The character of Uka was a beautiful and unexpected surprise in the preps. I was rewriting all the children roles one by one, and his character played by Armin Vargu (11) just surprised me. I discovered that his character would be a great dramatic momentum in the story. So by becoming one of children's main characters, Uka balances the human stance of the kids who mostly appear to be wild and not loving each other. Uka is smart, sweet and daring to sacrifice his life for Mickey (Elvis), and it builds a beautiful strong bond between them.
Klaus Laci (14) who played the main kid boss, Leli, was a tough kid to work with but also a wonderful human being who helped me to overcome a lot of my doubts during shooting.
Samuel Vargu (13) who plays Samurai, with his tremendous will and passion for movies, soon got into two other films; an American production titled Lazarat, directed by William Kaufman, and How To Sell A War, a British/Georgian production.
AIFF – How did you go about designing the look for Elvis, did you have something specific in mind, and did your art department assist in the process?
Fatmir – Yes, we selected the two most known costumes of Elvis and his famous coat, but we came to the conclusion that we had to use his white famous costume. The costume designer, Gerta Oparaku designed them and found a good tailor to make them. We had just two pieces; we had no money to make more.
AIFF – What was the process like working with Jonathan Preece's screenplay, who also composed the music for the film? Did you need to make adjustments during production?
Fatmir – Jonathan and I decided to do the re-writing before we went into preps and during the preps. Because we wanted the film to be a dramatic story, and not a movie that could be funnier or have irony along with the comedy touch the original script had. So we re-wrote about 1/3 of the mid-script story and it went solid with the entire story. We shot the very end scene of the film when Elvis walks along some barbwire fences but we didn't want the film end like that. It meant almost nothing, compared to Mickey burying Elvis' suit.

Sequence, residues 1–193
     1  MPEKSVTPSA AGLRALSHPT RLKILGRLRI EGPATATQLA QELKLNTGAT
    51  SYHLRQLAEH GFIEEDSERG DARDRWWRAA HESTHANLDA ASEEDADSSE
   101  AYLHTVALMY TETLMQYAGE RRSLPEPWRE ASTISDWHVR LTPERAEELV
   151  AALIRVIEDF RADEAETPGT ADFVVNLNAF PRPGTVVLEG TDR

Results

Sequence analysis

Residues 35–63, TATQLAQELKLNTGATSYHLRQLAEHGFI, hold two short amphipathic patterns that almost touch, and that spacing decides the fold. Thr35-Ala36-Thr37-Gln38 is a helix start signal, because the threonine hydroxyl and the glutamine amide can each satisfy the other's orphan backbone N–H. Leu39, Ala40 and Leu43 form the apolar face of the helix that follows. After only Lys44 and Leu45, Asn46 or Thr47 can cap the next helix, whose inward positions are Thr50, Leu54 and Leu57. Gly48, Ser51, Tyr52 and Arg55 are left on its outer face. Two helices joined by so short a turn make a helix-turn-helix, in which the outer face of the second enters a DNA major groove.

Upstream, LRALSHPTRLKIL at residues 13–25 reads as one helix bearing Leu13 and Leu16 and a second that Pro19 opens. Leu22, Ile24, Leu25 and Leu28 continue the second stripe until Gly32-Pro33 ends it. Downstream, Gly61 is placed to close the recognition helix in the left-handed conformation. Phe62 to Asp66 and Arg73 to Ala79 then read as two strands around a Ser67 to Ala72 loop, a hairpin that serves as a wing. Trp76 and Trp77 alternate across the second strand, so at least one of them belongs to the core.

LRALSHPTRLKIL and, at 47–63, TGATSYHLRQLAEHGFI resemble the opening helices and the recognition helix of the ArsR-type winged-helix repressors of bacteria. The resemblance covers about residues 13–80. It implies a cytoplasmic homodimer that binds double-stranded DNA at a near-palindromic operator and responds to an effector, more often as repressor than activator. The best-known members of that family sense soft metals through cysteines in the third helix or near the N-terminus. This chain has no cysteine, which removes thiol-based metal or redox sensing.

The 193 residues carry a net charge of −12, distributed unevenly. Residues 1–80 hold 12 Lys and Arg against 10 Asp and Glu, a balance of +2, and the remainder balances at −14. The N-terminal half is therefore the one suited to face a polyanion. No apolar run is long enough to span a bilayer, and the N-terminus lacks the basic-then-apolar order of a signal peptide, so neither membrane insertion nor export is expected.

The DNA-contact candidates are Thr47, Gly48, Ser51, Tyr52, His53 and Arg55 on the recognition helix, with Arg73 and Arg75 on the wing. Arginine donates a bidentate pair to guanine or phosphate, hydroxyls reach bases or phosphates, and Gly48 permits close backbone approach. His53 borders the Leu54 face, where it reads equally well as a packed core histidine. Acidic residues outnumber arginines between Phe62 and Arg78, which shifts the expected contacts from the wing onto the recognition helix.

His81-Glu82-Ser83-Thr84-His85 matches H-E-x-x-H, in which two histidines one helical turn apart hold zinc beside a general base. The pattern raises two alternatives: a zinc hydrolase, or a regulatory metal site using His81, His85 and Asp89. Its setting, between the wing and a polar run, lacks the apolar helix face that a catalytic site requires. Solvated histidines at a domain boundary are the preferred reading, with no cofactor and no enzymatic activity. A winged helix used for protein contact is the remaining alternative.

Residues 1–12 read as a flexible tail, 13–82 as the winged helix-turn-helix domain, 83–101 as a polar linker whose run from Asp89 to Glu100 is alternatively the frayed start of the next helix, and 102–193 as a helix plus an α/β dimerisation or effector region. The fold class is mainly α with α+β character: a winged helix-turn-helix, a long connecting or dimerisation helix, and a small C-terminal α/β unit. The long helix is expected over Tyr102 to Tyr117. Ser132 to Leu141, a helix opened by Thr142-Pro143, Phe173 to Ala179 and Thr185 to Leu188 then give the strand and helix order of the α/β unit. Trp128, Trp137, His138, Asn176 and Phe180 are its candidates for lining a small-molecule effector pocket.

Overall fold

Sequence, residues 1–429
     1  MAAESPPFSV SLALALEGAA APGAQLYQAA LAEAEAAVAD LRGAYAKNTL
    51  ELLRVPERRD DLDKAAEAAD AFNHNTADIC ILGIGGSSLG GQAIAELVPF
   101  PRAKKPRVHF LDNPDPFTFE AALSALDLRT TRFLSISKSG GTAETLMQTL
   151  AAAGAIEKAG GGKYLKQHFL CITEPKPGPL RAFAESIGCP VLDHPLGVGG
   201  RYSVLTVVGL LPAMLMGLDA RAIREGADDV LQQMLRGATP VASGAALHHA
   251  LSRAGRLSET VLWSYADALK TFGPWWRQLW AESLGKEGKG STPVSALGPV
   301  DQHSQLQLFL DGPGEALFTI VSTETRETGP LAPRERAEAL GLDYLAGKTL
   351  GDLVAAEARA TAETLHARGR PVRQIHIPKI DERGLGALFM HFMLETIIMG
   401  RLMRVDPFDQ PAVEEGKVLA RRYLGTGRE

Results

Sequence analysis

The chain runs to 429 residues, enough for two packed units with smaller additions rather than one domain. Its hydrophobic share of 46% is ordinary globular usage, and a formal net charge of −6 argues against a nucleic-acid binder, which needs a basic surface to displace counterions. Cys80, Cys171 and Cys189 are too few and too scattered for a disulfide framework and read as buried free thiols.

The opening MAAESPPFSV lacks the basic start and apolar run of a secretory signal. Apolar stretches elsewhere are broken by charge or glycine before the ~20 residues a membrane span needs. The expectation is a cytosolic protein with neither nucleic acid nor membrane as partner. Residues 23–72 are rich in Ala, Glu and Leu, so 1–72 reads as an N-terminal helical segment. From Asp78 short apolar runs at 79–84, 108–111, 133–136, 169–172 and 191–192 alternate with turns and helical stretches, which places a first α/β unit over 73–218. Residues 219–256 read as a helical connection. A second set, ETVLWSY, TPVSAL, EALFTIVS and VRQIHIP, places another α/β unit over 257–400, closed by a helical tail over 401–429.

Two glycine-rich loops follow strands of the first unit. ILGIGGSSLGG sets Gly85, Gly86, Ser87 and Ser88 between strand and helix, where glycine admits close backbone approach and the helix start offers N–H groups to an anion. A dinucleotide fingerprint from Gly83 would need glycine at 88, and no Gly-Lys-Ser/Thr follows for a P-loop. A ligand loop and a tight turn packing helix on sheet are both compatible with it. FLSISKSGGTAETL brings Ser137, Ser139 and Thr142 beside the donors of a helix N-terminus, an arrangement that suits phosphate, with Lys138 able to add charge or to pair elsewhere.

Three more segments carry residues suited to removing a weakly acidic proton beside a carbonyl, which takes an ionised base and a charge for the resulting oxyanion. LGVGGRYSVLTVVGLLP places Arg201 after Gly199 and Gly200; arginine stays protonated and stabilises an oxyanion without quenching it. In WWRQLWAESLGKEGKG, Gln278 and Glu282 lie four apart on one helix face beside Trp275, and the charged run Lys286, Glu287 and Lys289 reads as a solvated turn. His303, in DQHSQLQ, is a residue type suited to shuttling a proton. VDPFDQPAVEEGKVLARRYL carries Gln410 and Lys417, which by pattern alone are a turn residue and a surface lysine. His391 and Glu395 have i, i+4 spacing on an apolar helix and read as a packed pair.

Indeed, I loved the themes Jonathan composed along way with Karl Heortweard from Amsterdam, who composed a lot of music as well. But the themes Jonathan made from the very start of the shoot helped me and Karl to know the film's music path. I was clear in my request; no original music of Elvis Presley to be used in the film.
AIFF – What influenced the style of cinematography in the film? The director of photography did wonderful work.
Fatmir – Marek Wesolovski did a great job indeed. He came with a dramatic and original feeling to this story, and I only directed his cinematography with one direction; are we going to use at all portraits or close-ups of only one character at once? No, instead, we wanted to show the story through many characters in the shot at one time. That created of course, various difficulties in the shooting. But we wanted to go this way. It made the look of the film, I suppose unique; and above all, a story telling a powerful journey. Mostly the cinematographer and I wanted to tell the story in two ways of combined cinematography; a flowing camera from the children's eyes, and a classic fixed camera. The two ways combined, we thought, could maintain a solid narration with a dramatic tone and a dynamic undercurrent.
AIFF – How is filmmaking evolving in Albania, especially for emerging talent, is there more opportunity now?
Fatmir – Pretty hard, indeed! Financing is just little money, stories need to be very well written and developed and structured to a high level of filmmaking, otherwise we have had no good movies. We have good actors though, and I am happy that Dritan Kastrati played his own Elvis.
Last, I believe that filmmaking in my country needs to be addressed to the art of filmmaking, more than to showing social news... or just reporting social dramas...